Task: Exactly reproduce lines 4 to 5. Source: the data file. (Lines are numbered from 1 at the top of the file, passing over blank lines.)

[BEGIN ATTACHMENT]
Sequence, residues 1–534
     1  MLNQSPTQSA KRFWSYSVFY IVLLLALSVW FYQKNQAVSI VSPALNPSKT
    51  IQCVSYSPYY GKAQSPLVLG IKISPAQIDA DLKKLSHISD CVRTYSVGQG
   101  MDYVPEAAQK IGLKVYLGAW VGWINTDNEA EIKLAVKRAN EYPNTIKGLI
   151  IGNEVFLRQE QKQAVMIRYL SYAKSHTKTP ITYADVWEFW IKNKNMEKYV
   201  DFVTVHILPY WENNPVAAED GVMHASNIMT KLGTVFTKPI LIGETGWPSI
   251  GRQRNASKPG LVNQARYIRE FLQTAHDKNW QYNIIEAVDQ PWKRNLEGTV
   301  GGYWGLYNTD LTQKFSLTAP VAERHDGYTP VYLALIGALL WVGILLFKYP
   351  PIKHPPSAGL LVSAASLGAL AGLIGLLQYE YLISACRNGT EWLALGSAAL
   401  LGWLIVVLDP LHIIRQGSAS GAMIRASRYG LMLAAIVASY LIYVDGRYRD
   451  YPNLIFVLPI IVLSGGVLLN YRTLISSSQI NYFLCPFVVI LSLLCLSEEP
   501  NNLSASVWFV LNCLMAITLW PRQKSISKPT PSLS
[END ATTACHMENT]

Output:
   101  MDYVPEAAQK IGLKVYLGAW VGWINTDNEA EIKLAVKRAN EYPNTIKGLI
   151  IGNEVFLRQE QKQAVMIRYL SYAKSHTKTP ITYADVWEFW IKNKNMEKYV